You’re in France. It’s the year 2007. Foreign financial institutions called “sovereign wealth funds” are popping up around the world and attempting to invest in French firms. You don’t know how to react. So, naturally, you turn to your President, Nicolas Sarkozy, for direction:
“We’ve decided not to let ourselves be sold down the river by speculative funds, by unscrupulous attitudes which do not meet the transparency criteria one is entitled to expect in a civilised world. It’s unacceptable and we have decided not to accept it.”
The tone was set. Foreign SWFs were perceived as raiders, and France was going to build up its defenses against these funds.
What did France do? It set up a SWF. That’s right, the fonds stratégique d’investissement was set up in October 2008 with 20 billion euros and a mandate to develop, encourage and (let’s be honest) shelter French firms from foreign raiders. As they say, if you can’t beat ‘em, join ‘em. (By the way, if you’re interested, the FSI’s latest annual report is a work of art.)
So why the French history lesson? Well it turns out that Italy so approves of the French logic in this domain that it is now planning to set up a carbon copy of the French SWF. According to Italian Finance Minister Giulio Tremonti, Italy has…
“…a plan to create a fund open to private investments identical to the French strategic investment fund.”
And, as was also the case in France, it seems that fear of foreign investors is the driving impetus underpinning the new Italian fund:
“The Italian government is moving ahead with plans to set up a state investment fund to bolster Italy’s industrial fabric and stave off potential takeovers by foreign firms…The move comes as Italian politicians and bankers are scrambling to fend off French firms that hold large stakes in Italian firms and are seeking to take a stronger hand in running them. On Thursday the Italian government approved a measure giving Mr. Tremonti power to set up a state investment fund.”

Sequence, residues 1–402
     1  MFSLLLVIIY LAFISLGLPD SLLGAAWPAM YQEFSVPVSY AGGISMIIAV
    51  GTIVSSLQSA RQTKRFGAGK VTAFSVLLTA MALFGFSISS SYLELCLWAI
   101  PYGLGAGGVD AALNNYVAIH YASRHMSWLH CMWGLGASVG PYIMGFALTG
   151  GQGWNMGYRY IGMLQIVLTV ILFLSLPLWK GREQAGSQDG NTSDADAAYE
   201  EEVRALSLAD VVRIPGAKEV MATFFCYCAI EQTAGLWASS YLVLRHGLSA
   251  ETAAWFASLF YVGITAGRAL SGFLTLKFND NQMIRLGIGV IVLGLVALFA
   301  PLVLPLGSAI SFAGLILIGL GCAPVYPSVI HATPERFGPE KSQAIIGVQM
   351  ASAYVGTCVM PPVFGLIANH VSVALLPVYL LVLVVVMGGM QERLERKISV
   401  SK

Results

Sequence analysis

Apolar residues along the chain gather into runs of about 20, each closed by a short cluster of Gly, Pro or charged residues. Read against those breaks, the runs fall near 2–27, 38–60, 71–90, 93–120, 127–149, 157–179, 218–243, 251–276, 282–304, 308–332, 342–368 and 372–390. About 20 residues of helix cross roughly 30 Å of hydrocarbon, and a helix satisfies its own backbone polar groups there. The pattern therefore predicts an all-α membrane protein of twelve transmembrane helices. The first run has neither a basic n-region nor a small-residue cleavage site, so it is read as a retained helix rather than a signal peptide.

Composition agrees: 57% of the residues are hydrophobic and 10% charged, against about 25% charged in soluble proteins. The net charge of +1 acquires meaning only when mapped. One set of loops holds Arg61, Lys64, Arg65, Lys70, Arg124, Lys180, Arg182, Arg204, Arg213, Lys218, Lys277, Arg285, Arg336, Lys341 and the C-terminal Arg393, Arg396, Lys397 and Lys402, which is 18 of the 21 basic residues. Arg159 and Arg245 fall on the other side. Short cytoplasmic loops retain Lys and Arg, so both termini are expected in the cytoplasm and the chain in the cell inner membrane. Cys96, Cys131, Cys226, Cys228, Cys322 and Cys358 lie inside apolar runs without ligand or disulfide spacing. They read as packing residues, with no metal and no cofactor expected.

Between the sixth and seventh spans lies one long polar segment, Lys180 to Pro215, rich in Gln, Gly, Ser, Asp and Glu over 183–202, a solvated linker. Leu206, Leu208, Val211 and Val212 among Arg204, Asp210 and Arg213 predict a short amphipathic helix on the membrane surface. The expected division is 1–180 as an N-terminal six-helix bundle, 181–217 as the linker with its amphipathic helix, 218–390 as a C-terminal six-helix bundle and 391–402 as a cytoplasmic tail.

To be fair to Italy and France, this desire to reassert some autonomy and self-determination over domestic economies is common in the era of globalization and has been a standard reason to set up SWFs. Put simply, these two countries want to ensure that global forces don’t marginalize their best firms; other countries (e.g., Abu Dhabi, Malaysia, Singapore, etc.) have done the same. And, interestingly, these funds are generally not there to support failing firms; they are there to facilitate the global success of the best and brightest firms. As Adam Dixon and I note in our paper (which is forthcoming in Transactions), these are what we call ‘territorialist’ SWFs:
“The stated or implicit rationale behind these funds is to support the competitiveness of local firms, both at home and abroad…we associate these funds with countries that are either highly developed already, or are quickly reaching this status. The logic of the territorialist SWF is to develop and ensure the continued dominance of local assets within broader global networks of production, R&D and distribution. Importantly, territorialist SWFs are not likely to support uncompetitive firms and/or parts of the economy. Rather, the territorialist SWF operates on a market logic comparable with strategies followed by successful private equity firms. This market-based logic is crucial, as it deflects potential controversy, both in international and national contexts, involving government intervention in private markets.”
So Italy wants a SWF to facilitate the success of its domestic industries in the new global marketplace. Will it succeed? I guess we’ll soon find out.